410-931-7133
The Truth About Root Canal Therapy

The Truth About Root Canal Therapy

Most people would rather do anything than have a root canal. Unfortunately, this procedure receives a bad rap. A root canal is generally performed to clean out an infected tooth and prevent future problems. Usually, patients feel better after root canal therapy.

Knowing the truth about root canals may help you feel less apprehensive if your dentist recommends this procedure.

  • A root canal hurts.
    Actually, the pain you feel is caused by the swelling and pressure in your tooth. When a tooth sustains severe trauma, the pulp, or soft nerve center, may die. During a root canal, your dentist will remove the damaged tissue, disinfect the tooth, and seal off the inside. Most people only experience mild soreness afterwards, if they feel any discomfort at all.
  • Root canal therapy takes many appointments.
    Although this timing depends on the severity of the case, most root canals are completed in one to two appointments. Once your dentist finishes the root canal, you will probably need at least one more visit for restoration of the tooth, usually with an inlay, onlay, or crown.
  • I only need a root canal if my tooth hurts.
    Pain often lets you know you have a problem with a tooth, but if your tooth root dies you may have no symptoms. The dentist can perform tests to determine the health of a tooth, including temperature and percussion testing.
  • The root canal won’t last.
    Once the tooth is cleaned and sealed, you should have no further problems with the tooth. Sometimes the restoration of the tooth fails, which can causes the tooth to crack or break. This usually occurs if you wait too long to have a crown or adequate filling placed.

If you need a dentist in Baltimore contact us today

Restoring Your Oral Health Through Root Canal Therapy

Restoring Your Oral Health Through Root Canal Therapy

A toothache can make your life miserable. It may involve terrible tooth pain as well as headaches, sleeplessness, and difficulty eating. A trip to the dentist’s office is a must if you want relief. An examination might reveal that you need root canal treatment to save your tooth and eliminate your symptoms.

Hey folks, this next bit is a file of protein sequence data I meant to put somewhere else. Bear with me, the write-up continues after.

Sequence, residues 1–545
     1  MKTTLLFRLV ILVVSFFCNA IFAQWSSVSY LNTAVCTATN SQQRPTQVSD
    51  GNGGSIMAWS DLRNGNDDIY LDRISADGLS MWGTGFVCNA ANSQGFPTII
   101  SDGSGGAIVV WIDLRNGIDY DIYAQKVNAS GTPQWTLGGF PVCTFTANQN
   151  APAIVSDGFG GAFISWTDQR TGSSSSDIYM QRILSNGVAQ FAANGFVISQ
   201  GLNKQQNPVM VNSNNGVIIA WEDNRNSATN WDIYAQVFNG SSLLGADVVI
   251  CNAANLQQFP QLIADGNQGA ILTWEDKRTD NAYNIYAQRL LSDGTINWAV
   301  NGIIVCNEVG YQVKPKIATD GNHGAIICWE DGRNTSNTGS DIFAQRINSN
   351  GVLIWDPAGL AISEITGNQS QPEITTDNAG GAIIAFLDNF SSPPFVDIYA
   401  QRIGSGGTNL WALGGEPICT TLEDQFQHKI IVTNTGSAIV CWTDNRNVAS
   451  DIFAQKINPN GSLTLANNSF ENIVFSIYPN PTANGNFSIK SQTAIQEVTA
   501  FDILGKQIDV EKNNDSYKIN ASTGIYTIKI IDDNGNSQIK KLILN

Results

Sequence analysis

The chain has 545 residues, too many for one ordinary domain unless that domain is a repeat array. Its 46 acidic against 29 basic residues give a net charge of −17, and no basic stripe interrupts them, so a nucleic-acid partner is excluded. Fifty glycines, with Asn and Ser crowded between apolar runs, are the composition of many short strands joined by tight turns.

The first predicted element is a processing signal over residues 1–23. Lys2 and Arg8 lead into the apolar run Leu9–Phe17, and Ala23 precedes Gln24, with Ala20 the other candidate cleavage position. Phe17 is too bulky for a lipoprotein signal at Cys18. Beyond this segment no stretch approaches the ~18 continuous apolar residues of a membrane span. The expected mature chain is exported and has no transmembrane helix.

Severe tooth decay, a faulty crown, repeated tooth procedures or trauma are common causes of tooth damage. These issues can also lead to infection of your tooth’s pulp, which is on the inside of your tooth. Also called endodontic therapy, root canal treatment focuses on getting rid of the damaged tooth pulp. If infection is present, it is also removed. The root canal is thoroughly cleaned and disinfected, and then the area is filled with a special material called gutta-percha. Finally, the tooth is typically restored with a dental crown to provide maximum protection from future damage.

Some of the benefits you can expect from root canal treatment include chewing with normal biting force and sensation, maintaining natural tooth appearance, protecting other teeth from excessive wear, and avoiding a troublesome gap in the smile. In as little as one or two appointments, these benefits can be achieved without a great deal of discomfort. Innovations in technology have made the experience of root canal treatment usually no more painful or difficult than simply getting a dental filling. Once root canal treatment is complete, the tooth can last a lifetime with regular checkups and proper oral hygiene.


We treat patients from Baltimore and the surrounding area

Signs You May Need a Root Canal Therapy

Signs You May Need a Root Canal Therapy